Victoria Vasilenko is Assistant Professor of Contemporary History and International Relations in the Department of World History and International Area Studies at Belgorod State University, Russia. Her research interests include international history of WWII (mostly with the focus on Polish question), Cold War genesis, and contemporary Russian-Polish relations. Victoria`s recent publication: ‘The Polish-Czechoslovak Confederation Project in British Policy, 1939-1943: A Federalist Alternative to Postwar Settlement in East Central Europe’ Canadian Journal of History/Annales canadiennes d’histoire 49, autumn/automne, 2014, pp. 203-223.
As a Marie Skłodowska-Curie Fellow in the Department of East European History at the University of Vienna, Dr. Dean Vuletic has led the project “Eurovision: A History of Europe through Popular Music.” He is currently completing the book “Postwar Europe and the Eurovision Song Contest,” which will be published by Bloomsbury in 2017. His research on Eurovision has been published in several books and journals and he has been widely interviewed about it in the European media. He has also taught courses on the history of Eurovision and on culture and the Cold War at institutions such as the European University Institute, New York University and the University of Vienna. From 2010 to 2012, Dr. Vuletic was a Max Weber Post-Doctoral Fellow at the European University Institute in Florence. He was awarded his PhD in History from Columbia University in 2010, and he completed his MA and BA degrees in European Studies at Yale University and the Australian National University respectively.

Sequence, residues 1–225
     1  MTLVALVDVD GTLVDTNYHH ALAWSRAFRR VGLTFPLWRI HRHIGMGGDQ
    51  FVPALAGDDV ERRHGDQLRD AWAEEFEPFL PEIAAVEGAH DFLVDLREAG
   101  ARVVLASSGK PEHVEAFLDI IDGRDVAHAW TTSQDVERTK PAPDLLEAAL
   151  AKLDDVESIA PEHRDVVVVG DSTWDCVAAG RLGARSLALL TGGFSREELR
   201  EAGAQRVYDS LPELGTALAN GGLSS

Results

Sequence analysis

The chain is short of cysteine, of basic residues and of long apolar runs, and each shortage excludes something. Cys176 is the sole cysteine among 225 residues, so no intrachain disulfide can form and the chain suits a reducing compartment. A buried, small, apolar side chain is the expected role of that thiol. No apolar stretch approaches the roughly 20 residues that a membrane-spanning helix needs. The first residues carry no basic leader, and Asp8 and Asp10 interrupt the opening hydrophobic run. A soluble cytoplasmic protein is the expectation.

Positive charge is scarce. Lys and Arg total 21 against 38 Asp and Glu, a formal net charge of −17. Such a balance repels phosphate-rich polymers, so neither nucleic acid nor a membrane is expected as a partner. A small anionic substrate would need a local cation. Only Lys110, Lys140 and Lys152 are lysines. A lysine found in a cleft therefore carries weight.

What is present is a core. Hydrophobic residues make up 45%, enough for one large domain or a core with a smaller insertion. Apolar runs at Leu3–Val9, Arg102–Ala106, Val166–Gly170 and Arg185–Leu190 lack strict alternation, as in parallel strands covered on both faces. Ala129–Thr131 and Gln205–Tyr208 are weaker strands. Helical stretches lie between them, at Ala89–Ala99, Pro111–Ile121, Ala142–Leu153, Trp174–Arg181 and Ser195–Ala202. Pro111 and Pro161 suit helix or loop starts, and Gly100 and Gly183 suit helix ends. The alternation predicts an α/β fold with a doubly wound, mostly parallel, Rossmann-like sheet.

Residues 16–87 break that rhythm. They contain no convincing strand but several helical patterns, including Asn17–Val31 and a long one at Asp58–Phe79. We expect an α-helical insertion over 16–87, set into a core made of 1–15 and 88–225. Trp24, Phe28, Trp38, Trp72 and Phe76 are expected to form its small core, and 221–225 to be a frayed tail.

Xiaojue Wang is Associate Professor of Chinese Literature in the Department of Asian Languages and Cultures at Rutgers University. She is the author of Modernity with a Cold War Face: Reimagining the Nation in Chinese Literature across the 1949 Divide (Harvard University Asia Center, 2013). She was An Wang Postdoctoral Fellow at the Fairbank Center for Chinese Studies at Harvard University from 2012 to 2013 and Visiting Assistant Professor in the Department of East Asian Languages and Civilizations at Harvard University in Spring 2013. She has published numerous articles on modern Chinese literature, the cultural Cold War, film and visual studies, German literature, and comparative literature. She is also the Chinese translator and co-translator of Jürgen Habermas’ Strukturwandel der Öffentlichkeit, Horkheimer Reader, and Andreas Huyssen’s After the Great Divide: Modernism, Mass Culture, Postmodernism, among others. She is currently working on a co-edited volume on Lu Xun and Sinophone Asia and a monograph on Eileen Chang and the concept of literature.